These Are Immune Cells Grown In Space

Scientists have been studying them to understand how astronauts' immune systems may change in space.

Monocytes Grown In The International Space Station
Fluorescence in these cells highlight actin and vinculin, two proteins involved in making the cell move.ESA/MIA G.Pani

These are some monocytes—a type of white blood cell in the immune system—that lived on the International Space Station.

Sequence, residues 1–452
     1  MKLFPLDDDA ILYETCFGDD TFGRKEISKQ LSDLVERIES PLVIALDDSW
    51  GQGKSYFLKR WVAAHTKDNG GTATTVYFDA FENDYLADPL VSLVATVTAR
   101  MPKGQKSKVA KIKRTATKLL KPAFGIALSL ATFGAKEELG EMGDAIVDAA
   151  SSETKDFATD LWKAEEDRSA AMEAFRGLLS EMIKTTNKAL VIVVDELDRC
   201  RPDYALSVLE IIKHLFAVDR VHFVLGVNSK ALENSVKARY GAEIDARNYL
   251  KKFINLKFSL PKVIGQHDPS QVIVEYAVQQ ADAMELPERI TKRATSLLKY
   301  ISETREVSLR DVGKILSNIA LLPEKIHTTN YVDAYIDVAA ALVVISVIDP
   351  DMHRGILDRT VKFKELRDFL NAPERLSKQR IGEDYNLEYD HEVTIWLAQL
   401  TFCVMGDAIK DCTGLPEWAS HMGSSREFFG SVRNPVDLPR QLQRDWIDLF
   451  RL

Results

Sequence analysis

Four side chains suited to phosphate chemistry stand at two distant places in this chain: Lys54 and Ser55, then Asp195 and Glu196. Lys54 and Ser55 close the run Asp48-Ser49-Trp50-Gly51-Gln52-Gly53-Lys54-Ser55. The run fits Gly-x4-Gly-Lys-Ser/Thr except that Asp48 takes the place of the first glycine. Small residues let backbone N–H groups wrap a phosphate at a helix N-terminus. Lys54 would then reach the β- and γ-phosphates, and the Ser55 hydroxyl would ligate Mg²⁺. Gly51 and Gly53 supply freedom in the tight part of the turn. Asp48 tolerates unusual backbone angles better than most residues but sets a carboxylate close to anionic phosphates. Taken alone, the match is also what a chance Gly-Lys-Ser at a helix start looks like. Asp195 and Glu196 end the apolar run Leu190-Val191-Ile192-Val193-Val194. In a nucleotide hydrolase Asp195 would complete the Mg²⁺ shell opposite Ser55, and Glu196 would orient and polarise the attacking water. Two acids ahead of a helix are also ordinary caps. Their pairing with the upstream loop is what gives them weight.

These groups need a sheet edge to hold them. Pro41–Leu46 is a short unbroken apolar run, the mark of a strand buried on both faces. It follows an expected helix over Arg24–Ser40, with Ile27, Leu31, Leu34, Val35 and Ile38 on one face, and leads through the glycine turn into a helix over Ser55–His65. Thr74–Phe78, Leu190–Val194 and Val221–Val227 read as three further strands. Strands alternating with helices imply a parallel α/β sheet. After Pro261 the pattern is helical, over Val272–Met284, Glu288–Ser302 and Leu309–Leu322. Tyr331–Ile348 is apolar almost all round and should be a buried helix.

The cells were grown in an incubator with simulated gravity. They've been colored with antibodies so scientists can easily spot specific proteins in them.

Scientists from Italy and Germany have been studying how these monocytes move, and found that the space-grown monocytes have altered cytoskeletons, which reduced their motility. That change may partly explain astronauts' weakened immune systems, the European Space Agency reports.